Chow ring

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In algebraic geometry, the Chow ring (named after W. L. Chow) of an algebraic variety is an algebraic-geometric analogue of the cohomology ring of the variety considered as a topological space: its elements are formed out of actual subvarieties (so-called algebraic cycles) and its multiplicative structure is derived from the intersection of subvarieties. In fact, there is a natural map from one to the other which preserves the geometric notions which are common to the two (for example, Chern classes, intersection pairing, and a form of Poincaré duality). The advantage of the Chow ring is that its geometric definition allows it to be defined without reference to non-algebraic concepts; in addition, using algebraic techniques that are not available in the purely topological case, certain constructions that exist for both rings are simpler in the Chow ring.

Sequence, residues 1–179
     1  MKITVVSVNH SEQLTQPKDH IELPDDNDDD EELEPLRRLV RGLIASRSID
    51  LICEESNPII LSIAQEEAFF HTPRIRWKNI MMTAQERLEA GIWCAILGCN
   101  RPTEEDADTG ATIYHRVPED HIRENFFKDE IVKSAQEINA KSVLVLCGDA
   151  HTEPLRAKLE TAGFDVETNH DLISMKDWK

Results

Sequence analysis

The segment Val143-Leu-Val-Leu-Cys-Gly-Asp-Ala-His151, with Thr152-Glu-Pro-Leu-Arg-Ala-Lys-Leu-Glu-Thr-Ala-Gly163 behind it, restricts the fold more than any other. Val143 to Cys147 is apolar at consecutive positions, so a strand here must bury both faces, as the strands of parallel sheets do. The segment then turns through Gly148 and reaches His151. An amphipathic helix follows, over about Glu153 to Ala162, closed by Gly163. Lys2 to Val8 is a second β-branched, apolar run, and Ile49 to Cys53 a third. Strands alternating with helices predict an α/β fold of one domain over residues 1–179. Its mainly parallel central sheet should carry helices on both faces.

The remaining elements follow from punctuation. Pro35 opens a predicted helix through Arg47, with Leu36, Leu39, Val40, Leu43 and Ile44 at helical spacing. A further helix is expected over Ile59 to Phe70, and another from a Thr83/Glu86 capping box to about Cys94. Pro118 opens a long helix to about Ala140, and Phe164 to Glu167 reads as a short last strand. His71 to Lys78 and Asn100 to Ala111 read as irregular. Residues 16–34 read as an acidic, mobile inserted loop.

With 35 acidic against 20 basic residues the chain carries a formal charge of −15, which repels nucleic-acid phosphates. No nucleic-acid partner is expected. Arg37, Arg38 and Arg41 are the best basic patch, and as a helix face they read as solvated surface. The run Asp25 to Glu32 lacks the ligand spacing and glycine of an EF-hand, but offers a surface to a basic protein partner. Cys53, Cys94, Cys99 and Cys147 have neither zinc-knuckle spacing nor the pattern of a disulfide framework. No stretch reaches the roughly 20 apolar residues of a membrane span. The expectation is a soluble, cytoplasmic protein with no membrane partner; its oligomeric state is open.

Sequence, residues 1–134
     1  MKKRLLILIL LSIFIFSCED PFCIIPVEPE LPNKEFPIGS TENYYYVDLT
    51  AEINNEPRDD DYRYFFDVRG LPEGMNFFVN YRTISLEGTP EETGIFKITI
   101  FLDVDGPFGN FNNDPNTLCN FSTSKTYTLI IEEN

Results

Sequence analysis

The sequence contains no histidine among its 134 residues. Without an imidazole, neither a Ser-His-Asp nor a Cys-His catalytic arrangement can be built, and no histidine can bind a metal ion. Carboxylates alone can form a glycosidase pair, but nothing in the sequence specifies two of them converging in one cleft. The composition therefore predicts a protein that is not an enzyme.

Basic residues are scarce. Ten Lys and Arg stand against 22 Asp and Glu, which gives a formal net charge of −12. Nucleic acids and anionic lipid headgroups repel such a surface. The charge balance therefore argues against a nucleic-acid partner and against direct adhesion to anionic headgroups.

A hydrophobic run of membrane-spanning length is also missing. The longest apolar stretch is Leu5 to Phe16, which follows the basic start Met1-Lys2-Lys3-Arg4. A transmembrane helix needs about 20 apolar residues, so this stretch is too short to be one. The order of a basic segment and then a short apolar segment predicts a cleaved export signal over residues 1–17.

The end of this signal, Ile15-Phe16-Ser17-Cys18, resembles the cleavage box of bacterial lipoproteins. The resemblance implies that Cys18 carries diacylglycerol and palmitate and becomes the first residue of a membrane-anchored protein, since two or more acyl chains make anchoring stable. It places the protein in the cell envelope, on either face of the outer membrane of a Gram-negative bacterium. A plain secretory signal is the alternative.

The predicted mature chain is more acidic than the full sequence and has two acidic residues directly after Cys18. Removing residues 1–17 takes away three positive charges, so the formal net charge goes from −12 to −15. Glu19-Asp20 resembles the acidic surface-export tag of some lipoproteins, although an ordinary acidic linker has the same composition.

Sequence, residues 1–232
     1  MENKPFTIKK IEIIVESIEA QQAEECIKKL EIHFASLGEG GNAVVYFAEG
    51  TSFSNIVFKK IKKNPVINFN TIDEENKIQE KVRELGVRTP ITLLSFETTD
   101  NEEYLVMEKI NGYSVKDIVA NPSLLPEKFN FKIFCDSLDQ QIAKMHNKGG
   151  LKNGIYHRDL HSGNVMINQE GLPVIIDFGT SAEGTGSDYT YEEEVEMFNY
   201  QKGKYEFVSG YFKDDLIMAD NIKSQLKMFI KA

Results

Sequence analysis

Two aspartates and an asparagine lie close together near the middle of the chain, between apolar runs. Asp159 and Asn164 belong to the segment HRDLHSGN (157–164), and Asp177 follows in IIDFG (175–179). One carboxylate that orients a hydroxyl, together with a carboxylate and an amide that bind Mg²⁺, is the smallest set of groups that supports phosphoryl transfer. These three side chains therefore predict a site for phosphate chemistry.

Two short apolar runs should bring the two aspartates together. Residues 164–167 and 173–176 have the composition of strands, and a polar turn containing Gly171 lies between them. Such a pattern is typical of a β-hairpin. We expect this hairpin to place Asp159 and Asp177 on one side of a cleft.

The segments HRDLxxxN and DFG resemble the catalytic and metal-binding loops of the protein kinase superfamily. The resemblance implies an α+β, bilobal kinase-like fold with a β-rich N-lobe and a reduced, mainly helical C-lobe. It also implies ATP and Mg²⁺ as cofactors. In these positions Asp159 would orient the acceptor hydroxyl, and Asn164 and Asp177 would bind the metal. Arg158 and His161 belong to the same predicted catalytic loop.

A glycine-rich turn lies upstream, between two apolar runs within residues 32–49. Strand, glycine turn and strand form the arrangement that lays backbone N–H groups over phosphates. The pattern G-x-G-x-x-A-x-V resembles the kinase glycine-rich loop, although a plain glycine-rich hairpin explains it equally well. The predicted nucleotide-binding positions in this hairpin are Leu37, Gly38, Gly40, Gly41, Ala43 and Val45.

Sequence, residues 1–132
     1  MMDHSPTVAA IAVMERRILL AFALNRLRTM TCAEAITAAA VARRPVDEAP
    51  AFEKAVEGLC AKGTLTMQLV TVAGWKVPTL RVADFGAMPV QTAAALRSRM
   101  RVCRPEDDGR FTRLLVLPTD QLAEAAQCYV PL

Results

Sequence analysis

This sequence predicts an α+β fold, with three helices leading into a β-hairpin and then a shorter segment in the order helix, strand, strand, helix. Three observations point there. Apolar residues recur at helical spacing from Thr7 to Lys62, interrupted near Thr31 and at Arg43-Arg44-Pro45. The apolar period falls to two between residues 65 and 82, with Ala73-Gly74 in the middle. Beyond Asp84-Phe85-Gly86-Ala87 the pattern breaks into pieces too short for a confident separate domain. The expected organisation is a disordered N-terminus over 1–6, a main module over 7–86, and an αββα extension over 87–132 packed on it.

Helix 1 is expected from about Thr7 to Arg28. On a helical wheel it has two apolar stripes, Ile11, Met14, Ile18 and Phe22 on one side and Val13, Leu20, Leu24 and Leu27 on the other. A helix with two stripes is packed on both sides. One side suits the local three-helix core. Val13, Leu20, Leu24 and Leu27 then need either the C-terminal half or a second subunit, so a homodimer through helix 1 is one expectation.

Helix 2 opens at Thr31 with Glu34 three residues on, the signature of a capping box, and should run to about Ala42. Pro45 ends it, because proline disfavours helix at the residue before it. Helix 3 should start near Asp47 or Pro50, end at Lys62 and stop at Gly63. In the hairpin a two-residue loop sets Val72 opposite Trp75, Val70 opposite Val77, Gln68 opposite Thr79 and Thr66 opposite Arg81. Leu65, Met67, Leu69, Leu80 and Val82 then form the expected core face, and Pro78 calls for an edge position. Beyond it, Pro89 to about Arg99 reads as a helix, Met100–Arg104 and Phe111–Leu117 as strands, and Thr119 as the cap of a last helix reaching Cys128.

There is also a bivariant version of the Chow theory (often referred to as the "operational Chow theory") introduced by William Fulton and Robert MacPherson.

Rational equivalence[edit]

Before defining the Chow ring, we must define the notion of "rational equivalence", which as the name indicates, is an equivalence relation on a certain set. If X is an algebraic variety and Y, Z are two subvarieties, we say that Y and Z are rationally equivalent if there is a flat family parameterized by P1, contained in the product family P1 × X, two of whose fibers are Y and Z. In more classical language, we want a subvariety V of the product family two of whose fibers are Y and Z, and all of whose fibers are subvarieties of X with the same Hilbert polynomial. If we think of P1 as a line, then this notion is an algebraic analogue of cobordism.

Definition of the Chow ring[edit]